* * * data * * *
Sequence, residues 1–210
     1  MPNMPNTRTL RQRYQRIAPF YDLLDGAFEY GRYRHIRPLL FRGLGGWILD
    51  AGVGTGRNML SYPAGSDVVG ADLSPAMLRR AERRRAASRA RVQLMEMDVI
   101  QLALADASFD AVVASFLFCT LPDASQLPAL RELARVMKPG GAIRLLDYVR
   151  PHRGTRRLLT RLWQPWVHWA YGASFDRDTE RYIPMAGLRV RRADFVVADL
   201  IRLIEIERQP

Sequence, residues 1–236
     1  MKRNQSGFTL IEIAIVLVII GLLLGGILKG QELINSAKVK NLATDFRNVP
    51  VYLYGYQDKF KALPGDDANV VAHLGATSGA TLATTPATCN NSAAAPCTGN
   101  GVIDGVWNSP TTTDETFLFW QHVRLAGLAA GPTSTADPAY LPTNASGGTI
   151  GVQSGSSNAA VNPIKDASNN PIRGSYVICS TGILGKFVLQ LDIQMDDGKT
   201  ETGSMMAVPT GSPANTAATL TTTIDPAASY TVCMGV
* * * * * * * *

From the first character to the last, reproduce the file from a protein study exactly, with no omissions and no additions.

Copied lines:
Sequence, residues 1–210
     1  MPNMPNTRTL RQRYQRIAPF YDLLDGAFEY GRYRHIRPLL FRGLGGWILD
    51  AGVGTGRNML SYPAGSDVVG ADLSPAMLRR AERRRAASRA RVQLMEMDVI
   101  QLALADASFD AVVASFLFCT LPDASQLPAL RELARVMKPG GAIRLLDYVR
   151  PHRGTRRLLT RLWQPWVHWA YGASFDRDTE RYIPMAGLRV RRADFVVADL
   201  IRLIEIERQP

Sequence, residues 1–236
     1  MKRNQSGFTL IEIAIVLVII GLLLGGILKG QELINSAKVK NLATDFRNVP
    51  VYLYGYQDKF KALPGDDANV VAHLGATSGA TLATTPATCN NSAAAPCTGN
   101  GVIDGVWNSP TTTDETFLFW QHVRLAGLAA GPTSTADPAY LPTNASGGTI
   151  GVQSGSSNAA VNPIKDASNN PIRGSYVICS TGILGKFVLQ LDIQMDDGKT
   201  ETGSMMAVPT GSPANTAATL TTTIDPAASY TVCMGV